It seems like cable bashing is the “In Thing” these days. Almost everyone has some sort of issue or is predicting the end of the most successful industries is near. However, when you look at the facts, the demise of the cable Multi System Operator (MSO) is just an illusion.
There is no doubt that the cable industry is mature using any business lifecycle model. It is an industry that is cash rich with an amazing infrastructure built over approximately 40 years.
As a profitable, mature industry there is definitely truth to that the fact that cable lobbyists try to protect their golden egg. This is normal and should be expected to continue for some time. But, unlike Ma Bell and Standard Oil, the cable industry is not yet a monopoly of one and will not be subject to serious anti-trust issues for quite a while.
On the other hand, the success of cable MSOs has encouraged competition to try and obtain a piece of the pie through technology and innovation. This is an expected result and also a normal part of an industry lifecycle.
Does this mean business as usual? The answer is a resounding NO!!!! There is no question that forces are attempting to crack the cable egg and that the outside forces will continue to become stronger and have greater impact. The number one challenge faced by cable executives is to shore up the inside forces to keep the egg stabilized.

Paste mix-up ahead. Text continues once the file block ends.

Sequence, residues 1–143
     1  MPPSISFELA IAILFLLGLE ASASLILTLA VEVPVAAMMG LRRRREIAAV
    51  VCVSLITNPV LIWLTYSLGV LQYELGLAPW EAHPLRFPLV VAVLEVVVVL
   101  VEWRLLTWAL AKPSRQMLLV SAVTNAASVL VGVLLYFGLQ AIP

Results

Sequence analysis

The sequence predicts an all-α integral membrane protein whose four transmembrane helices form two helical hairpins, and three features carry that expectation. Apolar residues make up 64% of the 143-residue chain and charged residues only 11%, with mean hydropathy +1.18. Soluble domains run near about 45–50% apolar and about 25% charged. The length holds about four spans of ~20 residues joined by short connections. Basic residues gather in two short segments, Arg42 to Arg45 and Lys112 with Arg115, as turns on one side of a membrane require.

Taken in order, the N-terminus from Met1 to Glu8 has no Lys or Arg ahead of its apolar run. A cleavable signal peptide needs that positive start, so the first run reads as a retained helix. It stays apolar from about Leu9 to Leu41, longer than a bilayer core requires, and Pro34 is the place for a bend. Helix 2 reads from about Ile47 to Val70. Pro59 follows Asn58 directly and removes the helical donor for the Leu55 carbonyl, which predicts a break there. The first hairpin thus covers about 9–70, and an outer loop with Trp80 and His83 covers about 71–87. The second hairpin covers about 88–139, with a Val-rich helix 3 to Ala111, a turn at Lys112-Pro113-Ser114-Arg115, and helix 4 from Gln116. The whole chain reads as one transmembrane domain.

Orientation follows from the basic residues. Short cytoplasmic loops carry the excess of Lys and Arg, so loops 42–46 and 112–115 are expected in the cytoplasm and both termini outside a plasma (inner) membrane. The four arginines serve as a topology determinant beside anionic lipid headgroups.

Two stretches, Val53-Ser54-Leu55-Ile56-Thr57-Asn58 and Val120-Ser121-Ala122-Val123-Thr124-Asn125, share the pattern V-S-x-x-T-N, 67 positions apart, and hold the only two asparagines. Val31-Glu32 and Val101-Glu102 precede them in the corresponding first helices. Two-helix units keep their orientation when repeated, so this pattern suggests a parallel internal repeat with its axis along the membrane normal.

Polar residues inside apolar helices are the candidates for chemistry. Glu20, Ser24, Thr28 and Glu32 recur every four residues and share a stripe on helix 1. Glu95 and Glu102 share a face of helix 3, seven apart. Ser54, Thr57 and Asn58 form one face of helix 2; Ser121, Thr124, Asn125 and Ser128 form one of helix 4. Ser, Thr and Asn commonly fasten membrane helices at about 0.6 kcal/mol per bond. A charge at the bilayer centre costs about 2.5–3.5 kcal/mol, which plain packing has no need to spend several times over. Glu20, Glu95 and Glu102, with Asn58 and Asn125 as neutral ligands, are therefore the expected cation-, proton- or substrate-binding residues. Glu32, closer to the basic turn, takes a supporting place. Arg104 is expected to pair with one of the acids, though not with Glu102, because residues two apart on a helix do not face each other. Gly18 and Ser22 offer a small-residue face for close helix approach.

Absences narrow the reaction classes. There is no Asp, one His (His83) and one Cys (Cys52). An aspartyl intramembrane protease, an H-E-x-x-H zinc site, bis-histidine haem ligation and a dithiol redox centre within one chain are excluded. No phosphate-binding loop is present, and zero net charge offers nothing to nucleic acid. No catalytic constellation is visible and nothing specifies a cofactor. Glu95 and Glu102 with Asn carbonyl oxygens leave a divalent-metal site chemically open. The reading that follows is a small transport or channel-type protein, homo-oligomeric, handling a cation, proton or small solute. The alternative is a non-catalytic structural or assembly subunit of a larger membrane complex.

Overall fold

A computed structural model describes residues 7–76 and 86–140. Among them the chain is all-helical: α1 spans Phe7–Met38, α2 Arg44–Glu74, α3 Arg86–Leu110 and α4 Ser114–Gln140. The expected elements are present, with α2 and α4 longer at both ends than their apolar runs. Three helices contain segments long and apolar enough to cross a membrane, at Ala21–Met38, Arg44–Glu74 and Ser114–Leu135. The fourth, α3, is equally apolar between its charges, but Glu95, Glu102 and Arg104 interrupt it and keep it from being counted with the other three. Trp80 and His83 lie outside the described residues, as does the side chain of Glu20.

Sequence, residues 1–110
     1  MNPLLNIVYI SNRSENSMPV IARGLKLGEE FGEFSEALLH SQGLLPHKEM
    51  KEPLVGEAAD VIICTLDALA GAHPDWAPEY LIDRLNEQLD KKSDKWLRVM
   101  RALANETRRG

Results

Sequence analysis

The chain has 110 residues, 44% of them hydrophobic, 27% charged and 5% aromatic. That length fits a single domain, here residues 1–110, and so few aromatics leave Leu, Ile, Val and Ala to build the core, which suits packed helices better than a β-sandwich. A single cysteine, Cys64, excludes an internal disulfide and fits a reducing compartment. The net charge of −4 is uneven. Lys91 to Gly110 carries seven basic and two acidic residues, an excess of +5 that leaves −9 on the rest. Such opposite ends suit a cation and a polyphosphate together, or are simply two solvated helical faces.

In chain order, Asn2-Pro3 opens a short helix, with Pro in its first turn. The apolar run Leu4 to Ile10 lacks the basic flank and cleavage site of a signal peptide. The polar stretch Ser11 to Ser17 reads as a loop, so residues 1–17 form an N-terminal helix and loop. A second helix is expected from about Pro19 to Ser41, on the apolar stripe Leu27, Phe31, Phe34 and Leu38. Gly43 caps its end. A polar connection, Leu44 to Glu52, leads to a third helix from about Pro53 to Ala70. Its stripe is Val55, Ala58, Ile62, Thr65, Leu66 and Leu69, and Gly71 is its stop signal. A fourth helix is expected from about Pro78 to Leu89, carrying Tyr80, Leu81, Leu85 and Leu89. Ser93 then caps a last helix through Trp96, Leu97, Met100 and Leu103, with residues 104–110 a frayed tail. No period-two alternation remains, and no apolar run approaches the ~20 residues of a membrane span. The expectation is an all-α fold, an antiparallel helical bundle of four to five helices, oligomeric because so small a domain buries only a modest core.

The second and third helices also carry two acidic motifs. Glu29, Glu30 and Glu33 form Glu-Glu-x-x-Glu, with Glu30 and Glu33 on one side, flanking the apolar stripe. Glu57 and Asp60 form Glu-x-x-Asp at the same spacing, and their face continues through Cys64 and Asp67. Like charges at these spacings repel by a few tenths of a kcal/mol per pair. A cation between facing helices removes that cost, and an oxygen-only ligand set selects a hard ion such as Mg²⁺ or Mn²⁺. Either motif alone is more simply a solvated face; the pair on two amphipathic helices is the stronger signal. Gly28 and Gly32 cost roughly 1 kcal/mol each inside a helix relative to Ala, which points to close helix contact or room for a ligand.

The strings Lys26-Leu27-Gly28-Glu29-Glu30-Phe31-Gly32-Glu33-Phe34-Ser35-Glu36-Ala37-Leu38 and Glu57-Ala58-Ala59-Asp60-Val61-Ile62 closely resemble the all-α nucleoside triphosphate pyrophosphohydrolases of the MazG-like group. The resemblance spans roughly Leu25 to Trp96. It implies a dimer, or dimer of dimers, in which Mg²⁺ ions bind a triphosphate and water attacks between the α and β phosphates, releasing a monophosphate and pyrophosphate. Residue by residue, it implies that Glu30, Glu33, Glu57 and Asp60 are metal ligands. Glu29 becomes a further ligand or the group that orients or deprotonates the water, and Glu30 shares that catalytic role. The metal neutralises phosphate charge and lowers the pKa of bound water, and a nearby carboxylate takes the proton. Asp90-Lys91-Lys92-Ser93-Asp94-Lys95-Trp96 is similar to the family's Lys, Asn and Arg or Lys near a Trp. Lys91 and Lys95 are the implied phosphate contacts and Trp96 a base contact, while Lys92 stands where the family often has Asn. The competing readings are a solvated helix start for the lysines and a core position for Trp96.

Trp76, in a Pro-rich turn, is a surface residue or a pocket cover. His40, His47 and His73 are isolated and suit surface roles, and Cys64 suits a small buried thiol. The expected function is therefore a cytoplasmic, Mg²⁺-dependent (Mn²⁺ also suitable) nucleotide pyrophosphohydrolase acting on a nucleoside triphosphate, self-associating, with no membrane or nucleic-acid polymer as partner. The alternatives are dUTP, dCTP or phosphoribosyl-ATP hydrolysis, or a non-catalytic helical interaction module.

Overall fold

Controlling the Cable Illusion
To determine the appropriate course of action it is important to have a clear understanding of the pressures being exerted. Let us take a closer look at the external and internal forces affecting the cable egg. For the purposes of brevity the major factors are listed below solely as a category reference:
External Forces on the Cable MSO Egg
- Content Wars: The only force listed under both external in internal. The ability to deliver timely and quality content is the number one factor that can change the industry. Should companies outside of cable control the best content then cable will lose tremendous value to subscribers.
- Aereo TV. Aereo represents a return to the days of old when TV could be received via antenna. The difference is now content controllers could lose substantial retrans fees if subscribers elect antenna options. For this reason the survival of Aereo is being contested.
- Apple TV, Xbox and PS4: Apple TV, Xbox and PS4 represent the technology changes that could replace the traditional CPEset-top box. At stake is the method to deliver the various content that subscribers demand including gaming, streaming and applications. Cable is combating this with their own different CPE options.